Assisted by his protege Thurgood Marshall, Charles Hamilton Houston, of the NAACP, began his strategy of challenging segregation in graduate and professional schools.

Significance: Houston developed a legal strategy that would eventually lead to victory over segregation in the nation’s schools through the Brown v. Board case. Houston’s rationale for attacking segregated law schools was largely two-pronged. First, the establishment of separate but equal law school facilities for Black and White students would become too costly for the states. Second, White judges who matriculated in some of the nation’s finest law schools could not, in good conscience, suggest that Black lawyers in segregated schools received "equal" legal training.
1938
State of Missouri ex rel. Gaines
v.
Canada
The Supreme Court decided in favor of Lloyd Gaines, a Black student who had been refused admission to the University of Missouri Law School.

Significance: This case set a precedent for other states to attempt to "equalize" Black school facilities, rather than integrate them. The Court held that the state must furnish Gaines "within its borders facilities for legal education substantially equal to those which the State there offered for the persons of the white race, whether or not other Negroes sought the same opportunity."

1948
Sipuel v. Board of Regents of University of Oklahoma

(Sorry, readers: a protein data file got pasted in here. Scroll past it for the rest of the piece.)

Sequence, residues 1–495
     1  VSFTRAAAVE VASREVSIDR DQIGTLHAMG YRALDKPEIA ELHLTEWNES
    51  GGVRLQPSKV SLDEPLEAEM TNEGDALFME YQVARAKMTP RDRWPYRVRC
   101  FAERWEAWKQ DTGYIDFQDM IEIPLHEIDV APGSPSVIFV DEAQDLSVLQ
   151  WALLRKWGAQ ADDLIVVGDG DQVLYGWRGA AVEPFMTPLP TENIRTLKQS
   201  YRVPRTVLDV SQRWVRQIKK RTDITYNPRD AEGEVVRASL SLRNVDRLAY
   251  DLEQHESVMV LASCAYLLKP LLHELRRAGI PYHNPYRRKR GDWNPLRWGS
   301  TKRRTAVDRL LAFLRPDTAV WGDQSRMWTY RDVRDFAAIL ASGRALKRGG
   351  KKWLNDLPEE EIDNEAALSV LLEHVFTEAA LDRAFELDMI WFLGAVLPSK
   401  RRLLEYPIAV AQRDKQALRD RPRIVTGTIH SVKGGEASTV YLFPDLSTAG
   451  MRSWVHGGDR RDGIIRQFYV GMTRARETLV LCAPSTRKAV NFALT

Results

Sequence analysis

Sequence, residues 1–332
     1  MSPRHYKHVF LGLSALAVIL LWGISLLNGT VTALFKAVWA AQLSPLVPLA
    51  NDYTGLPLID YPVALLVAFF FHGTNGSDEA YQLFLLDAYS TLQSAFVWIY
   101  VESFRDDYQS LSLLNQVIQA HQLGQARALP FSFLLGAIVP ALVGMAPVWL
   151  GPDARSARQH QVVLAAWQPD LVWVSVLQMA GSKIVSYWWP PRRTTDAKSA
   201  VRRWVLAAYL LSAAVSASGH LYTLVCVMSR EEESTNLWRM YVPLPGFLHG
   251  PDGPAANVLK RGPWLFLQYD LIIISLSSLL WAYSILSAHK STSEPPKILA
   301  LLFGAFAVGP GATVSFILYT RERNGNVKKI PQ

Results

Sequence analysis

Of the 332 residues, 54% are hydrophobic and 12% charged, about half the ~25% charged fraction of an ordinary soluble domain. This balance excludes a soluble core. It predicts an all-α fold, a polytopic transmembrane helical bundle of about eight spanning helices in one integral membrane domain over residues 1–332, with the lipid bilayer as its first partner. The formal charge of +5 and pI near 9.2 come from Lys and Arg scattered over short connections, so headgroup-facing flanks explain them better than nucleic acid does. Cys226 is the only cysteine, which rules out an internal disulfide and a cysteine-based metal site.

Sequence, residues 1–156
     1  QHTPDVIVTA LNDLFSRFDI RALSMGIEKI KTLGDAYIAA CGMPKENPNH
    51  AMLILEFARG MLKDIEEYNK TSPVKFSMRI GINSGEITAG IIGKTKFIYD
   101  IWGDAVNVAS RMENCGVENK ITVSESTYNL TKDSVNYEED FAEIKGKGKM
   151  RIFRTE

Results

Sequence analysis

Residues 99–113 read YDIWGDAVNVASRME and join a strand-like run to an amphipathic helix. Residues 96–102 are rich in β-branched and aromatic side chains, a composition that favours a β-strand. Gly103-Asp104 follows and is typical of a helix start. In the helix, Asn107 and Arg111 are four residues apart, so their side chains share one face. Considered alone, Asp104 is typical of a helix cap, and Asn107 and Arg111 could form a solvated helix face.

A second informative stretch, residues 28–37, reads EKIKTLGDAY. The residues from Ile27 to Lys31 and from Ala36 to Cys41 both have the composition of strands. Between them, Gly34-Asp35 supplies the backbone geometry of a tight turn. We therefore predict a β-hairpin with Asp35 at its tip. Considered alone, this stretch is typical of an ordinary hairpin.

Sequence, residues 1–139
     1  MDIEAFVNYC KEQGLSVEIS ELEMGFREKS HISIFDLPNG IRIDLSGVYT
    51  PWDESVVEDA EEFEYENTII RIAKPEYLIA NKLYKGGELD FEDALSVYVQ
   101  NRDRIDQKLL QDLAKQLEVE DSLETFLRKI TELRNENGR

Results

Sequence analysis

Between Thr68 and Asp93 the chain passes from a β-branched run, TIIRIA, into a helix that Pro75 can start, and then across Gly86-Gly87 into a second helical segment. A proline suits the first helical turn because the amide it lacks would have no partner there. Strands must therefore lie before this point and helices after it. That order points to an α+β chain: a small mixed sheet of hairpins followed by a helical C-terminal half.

The Court ruled denial of entrance to a state law school solely on the basis of race unconstitutional.
1949
Briggs et al. v. Elliott et al.
Thurgood Marshall and NAACP officials met with Black residents of Clarendon County, SC. They decided that the NAACP would launch a test case against segregation in public schools if at least 20 plaintiffs could be found. By November, Harry Briggs and 19 other plaintiffs were assembled, and the NAACP filed a class action lawsuit against the Clarendon County School Board.

Significance: Briggs v. Elliott became one of the cases consolidated by the Supreme Court into Brown v. Board of Education.
1950
Sweatt v. Painter
The Supreme Court held that the University of Texas Law School must admit a Black student, Heman Sweatt. The University of Texas Law School was far superior in its offerings and resources to the separate Black law school, which had been hastily established in a downtown basement.

Significance: The Supreme Court held that Texas failed to provide separate but equal education, prefiguring the future opinion in Brown that "separate but equal is inherently unequal."

1950
McLaurin v. Oklahoma State Regents